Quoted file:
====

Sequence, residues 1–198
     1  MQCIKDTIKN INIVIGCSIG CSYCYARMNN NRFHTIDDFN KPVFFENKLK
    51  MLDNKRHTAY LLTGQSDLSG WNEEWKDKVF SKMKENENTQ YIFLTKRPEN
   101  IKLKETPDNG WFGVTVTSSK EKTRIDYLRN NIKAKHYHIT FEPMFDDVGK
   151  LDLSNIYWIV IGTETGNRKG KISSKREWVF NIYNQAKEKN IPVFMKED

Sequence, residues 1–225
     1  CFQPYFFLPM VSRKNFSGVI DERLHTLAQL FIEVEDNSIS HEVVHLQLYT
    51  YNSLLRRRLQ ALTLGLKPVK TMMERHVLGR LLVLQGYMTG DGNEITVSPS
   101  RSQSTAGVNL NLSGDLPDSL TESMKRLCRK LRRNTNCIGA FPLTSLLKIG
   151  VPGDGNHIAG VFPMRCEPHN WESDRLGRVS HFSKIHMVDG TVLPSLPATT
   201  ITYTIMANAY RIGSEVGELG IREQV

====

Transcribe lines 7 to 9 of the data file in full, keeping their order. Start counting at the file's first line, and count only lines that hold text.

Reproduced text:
     1  CFQPYFFLPM VSRKNFSGVI DERLHTLAQL FIEVEDNSIS HEVVHLQLYT
    51  YNSLLRRRLQ ALTLGLKPVK TMMERHVLGR LLVLQGYMTG DGNEITVSPS
   101  RSQSTAGVNL NLSGDLPDSL TESMKRLCRK LRRNTNCIGA FPLTSLLKIG